Sure, Oil Prices rose world-wide – no big deal – I hear you saying.

But how come then that there is an ongoing swinging trade of subsidized fuel with neighboring countries?

Talking about a country literally bleeding money. A time-bomb in the making.

The Sky is the Limit

And the recent scandal around Pay TV provider ASTRO? Astro was shut down by the Information and Communications Ministry last Friday morning, because officially ‘some fees weren’t paid in time’.

ASTRO LogoRings any bells?

It’s still down by today – more than 4 days out of operations due to some minor lapse sounds really, should one say definitely reasonable.

ASTRO is the fastest growing Pay TV provider in Indonesia, undercutting then near-monopolist Indovision and eating massively into its base of subscribers, even more so when Indovision lost their rights to broadcast the English Premier League. Some people wonder what kind of fees ASTRO could have forgotten (even though they stated they didn’t) or if the whole process was motivated otherwise in the more common, ‘usual’ manner.

Yes. No. Yo!?

A pattern people see in Free Speech and Corruption issues in Indonesia may involve the ‘Depkominfo’ – above mentioned Information and Communications Ministry and other governmental Ministries which give out misjudged, sometimes incompetent guidelines and pull-through or execute with questionable actions.

Please Mr. Yudhoyono and Mr. Kalla! If you *really* do love Indonesia:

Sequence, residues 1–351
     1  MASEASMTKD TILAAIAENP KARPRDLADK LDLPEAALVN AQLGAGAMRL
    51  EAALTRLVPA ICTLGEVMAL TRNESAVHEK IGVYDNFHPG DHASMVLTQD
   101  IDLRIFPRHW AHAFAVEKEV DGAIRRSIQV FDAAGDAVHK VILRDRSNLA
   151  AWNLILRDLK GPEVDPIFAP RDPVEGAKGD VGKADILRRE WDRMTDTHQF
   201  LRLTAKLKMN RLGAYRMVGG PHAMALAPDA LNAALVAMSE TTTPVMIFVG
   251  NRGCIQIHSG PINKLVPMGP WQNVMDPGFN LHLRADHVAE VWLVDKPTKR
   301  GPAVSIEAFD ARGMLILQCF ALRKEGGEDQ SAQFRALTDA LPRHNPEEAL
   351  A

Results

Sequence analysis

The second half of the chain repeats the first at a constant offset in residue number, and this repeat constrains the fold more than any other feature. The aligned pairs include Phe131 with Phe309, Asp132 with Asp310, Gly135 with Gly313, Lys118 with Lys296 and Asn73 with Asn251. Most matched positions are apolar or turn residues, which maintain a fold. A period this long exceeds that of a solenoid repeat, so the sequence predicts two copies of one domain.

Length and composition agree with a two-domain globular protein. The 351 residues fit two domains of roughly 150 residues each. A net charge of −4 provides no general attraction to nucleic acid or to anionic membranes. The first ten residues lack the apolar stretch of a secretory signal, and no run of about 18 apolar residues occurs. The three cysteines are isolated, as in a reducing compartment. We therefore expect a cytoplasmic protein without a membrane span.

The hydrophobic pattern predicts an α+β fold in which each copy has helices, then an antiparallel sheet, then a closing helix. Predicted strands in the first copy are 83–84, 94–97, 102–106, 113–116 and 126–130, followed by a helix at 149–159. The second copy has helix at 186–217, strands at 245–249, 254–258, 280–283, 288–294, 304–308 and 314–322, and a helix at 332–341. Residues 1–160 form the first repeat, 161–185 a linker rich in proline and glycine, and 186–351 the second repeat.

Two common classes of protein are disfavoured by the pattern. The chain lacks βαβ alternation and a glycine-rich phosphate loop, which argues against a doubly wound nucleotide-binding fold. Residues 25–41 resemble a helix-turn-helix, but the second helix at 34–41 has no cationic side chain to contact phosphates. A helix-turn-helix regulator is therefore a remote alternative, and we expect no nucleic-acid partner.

Set those guys straight! Their credit is up by now.

Indonesia is on its path to become a modern and informed society. Who needs corrupt incumbents looking only to fill their own pockets at the expense of the whole population?

Outdated practices and narrow-minded talking heads should be so yesterday.

With Suharto out of the way there is really no need anymore to keep the population uneducated and in fear, suppressing non-conform opinions and keeping internet, external resources and free media out of reach for the common man or woman.

Visit Indonesia Year 2008Malaysia just learned it the hard way and it seems that new ideas can break ground pretty fast here as well, as the recent West Java elections seem to show.

So – why not walk down this way together – with all our colors and voices, may it be sometimes thorny or painful. We can shed a tear or two, but succeed ultimately with and because of all our unique diversity.

Merdeka dari korupsi! Untuk kebebasan berbicara dan pendapat!

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written by Chris

14 Responses to “Long Plea about Corruption, Freedom of Speech and Indonesia’s road towards ‘real’ Democracy”

  1. Nomadic MattNo Gravatar UNITED STATES Says:

    I think that took me 8.36 minutes to read!! good in depth article though. I agree with a lot of your insights.